Here’s a simple way to enjoy the taste of enchiladas while using any leftover cooked beans or cooked or raw vegetables hiding in your fridge (almost any bits work). If you have a round casserole dish about the size of the corn tortillas, the finished product resembles a deep-dish pie. For a milder allium flavor, use green onions or leeks, or sauté the onion and garlic before blending with the other sauce ingredients. To add a hot, smoky flavor, use chipotle chiles with or instead of the dried chiles. For crunch when serving, toast some additional tortillas and break into chips or serve with store-bought tortilla chips. Inspired by recipes from Decolonize Your Diet.
dried chiles, such as guajillo or ancho
tomatoes, fresh or canned, chopped
cauliflower florets, chopped
firm tofu, chopped
jalapeño chile, chopped
cooked beans (optional)
chopped pitted briny olives of choice (optional)
greens (such as beet greens, chard, kale, or collards), stemmed and slivered
raw pepitas (pumpkin seeds)
Toast the chiles whole in a dry pan over medium heat for a minute or so. Transfer to a heatproof container and submerge in hot water until soft, about 10 minutes. Stem, seed, and coarsely tear them, then add to a food processor or blender, reserving the soaking liquid if needed to thin the sauce.
Preheat the oven to 375º. Add the onion, garlic, cilantro, tomatoes, cauliflower, tofu, jalapeño, beans, cumin, oregano, and olives to the food processor. Whirl into a coarse sauce, stopping to scrape down the sides of the bowl and to add some chile soaking liquid if needed to thin the sauce. Season to taste with salt.
In the bottom of a casserole dish, spread a generous layer of sauce, top with a layer of tortillas, then continue layering with greens, sauce, and tortillas to fill the dish, ending with a layer of tortillas. Cover, place on a baking sheet, and bake until the sauce is bubbling, about 50 minutes. Uncover, flip over the top layer of tortillas, sprinkle a solid layer of pepitas over the soft sides of the tortillas, and bake until the pepitas are toasted, watching carefully that they don’t burn. Remove from the oven and allow to sit for a few minutes before serving.
Do you have leftover rice, grains, beans, or lentils in your fridge? These tacos are a perfect way to use them at any meal and are oh so good, even if a bit messy.
extra-virgin olive oil
serrano chile or jalapeño chile, thinly sliced (optional)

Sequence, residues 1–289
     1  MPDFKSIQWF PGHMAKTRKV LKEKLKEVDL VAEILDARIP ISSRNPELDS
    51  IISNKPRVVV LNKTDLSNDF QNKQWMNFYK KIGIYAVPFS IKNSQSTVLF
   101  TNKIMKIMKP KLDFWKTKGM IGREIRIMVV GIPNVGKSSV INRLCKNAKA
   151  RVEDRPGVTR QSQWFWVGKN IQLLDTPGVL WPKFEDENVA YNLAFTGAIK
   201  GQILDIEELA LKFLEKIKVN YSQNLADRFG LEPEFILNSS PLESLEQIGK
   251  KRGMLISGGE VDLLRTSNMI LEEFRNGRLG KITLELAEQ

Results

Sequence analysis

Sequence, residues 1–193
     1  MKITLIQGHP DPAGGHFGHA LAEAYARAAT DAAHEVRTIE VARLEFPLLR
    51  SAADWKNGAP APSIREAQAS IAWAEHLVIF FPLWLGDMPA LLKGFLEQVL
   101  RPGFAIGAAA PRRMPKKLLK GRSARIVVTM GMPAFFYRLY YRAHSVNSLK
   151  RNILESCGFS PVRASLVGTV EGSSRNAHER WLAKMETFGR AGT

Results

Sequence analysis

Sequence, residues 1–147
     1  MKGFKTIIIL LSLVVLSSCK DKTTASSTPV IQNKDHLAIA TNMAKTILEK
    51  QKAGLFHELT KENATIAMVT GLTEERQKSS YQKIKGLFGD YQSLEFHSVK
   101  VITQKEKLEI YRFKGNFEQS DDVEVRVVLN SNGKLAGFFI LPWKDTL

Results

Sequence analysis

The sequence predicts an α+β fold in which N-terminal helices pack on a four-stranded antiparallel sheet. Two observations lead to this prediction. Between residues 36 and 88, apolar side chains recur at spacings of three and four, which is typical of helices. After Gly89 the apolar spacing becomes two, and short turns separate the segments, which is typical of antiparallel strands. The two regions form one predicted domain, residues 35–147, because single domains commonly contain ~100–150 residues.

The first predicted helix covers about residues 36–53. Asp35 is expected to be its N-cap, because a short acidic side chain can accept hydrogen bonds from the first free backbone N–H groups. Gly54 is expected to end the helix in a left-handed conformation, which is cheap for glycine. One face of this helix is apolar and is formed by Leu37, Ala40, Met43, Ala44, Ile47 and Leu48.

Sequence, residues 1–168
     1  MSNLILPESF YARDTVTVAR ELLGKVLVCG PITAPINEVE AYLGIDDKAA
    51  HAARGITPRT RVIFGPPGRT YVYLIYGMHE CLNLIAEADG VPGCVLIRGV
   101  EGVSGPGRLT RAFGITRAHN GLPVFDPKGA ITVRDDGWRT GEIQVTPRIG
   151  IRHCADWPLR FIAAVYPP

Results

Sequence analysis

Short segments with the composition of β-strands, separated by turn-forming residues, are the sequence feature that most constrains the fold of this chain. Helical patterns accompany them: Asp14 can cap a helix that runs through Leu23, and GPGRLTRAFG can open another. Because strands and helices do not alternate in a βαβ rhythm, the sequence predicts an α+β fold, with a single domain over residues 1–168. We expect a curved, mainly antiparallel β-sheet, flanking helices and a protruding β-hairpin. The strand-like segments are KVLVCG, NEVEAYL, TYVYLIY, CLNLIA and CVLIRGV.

Padron, Guindilla, or green bell peppers, cut into small dice
cooked rice, grains, beans, or lentils or a mixture
kosher salt and freshly ground black pepper
store-bought or homemade salsa (optional)
hot-pepper sauce (optional)
In a large frying pan over medium-high heat, warm the oil. Add the serrano, if using, in one layer and cook, undisturbed, until sizzling. Stir in the onion, peppers, and mushrooms. Lower the heat to medium and cook, stirring occasionally to scrape up the browned bits on the bottom of the pan, until completely soft and browned in places. Stir in the cooked rice, grains, beans, and/or lentils. Add the fennel seeds and cook until the mixture is heated through. Season to taste with salt and pepper.
During the last few minutes of cooking, warm the tortillas in a toaster or toaster oven or wrap in a kitchen towel and microwave. Fill the warm tortillas with the vegetable mixture, top with avocado slices, salsa, and hot-pepper sauce, and enjoy.
Any main course with eggs can be turned into a savory breakfast, like this vegetarian Korean bibimbap (inspired by a recipe fromThe Complete Vegetarian Cookbook written by the editors at America’s Test Kitchen). The quick-pickled vegetables add a lovely tang and crunch, and the eggs make it rich and satisfying. A great way to use leftover rice, brown-rice pasta, or Vietnamese rice noodles.
Pickled raw vegetables
raw vegetables (carrots, cabbage, green onions, red onions, sprouts, cucumber, sweet pepper, chiles, radishes or daikon, or your choice), cut into matchsticks or thinly sliced
vinegar (rice vinegar, white balsamic vinegar, or a combination)
coconut oil, ghee, or olive oil
mushrooms, thickly sliced
cooked brown rice, warmed
vegetables (cauliflower, broccoli, spinach, chard, or your choice), steamed or microwaved and cut into bite-sized pieces
avocado, pitted, peeled, and cut into chunks
toasted sunflower seeds
toasted sliced almonds
toasted sesame oil
tamari, soy sauce alternative, or soy sauce
To pickle the vegetables: Place the vegetables in a single layer, if possible, in a wide bowl or glass container and cover with a mixture of vinegar and a bit of water. Chill for at least 20 minutes to marinate.
To prepare the rice bowls: Heat the oil in a large frying pan over medium heat. Add the mushrooms and cook until they release their juices and begin to brown. Stir in the garlic and cook for another minute or two. Transfer to a bowl and set aside.
Fry, poach, or soft boil the eggs just enough to keep the yolks runny.
Layer the rice, mushrooms, cooked vegetables, avocado, sunflower seeds, almonds, pickled vegetables, and cilantro in individual bowls, drizzle with sesame oil, tamari, and hot-pepper sauce to taste, and top with the eggs.
These tacos are a versatile, satisfying, and savory morning meal option and are great for a breakfast on the go or at home with your favorite morning beverage. The only filling that doesn’t work in these simple tacos is soup, but you can certainly slurp soup along with your breakfast tacos.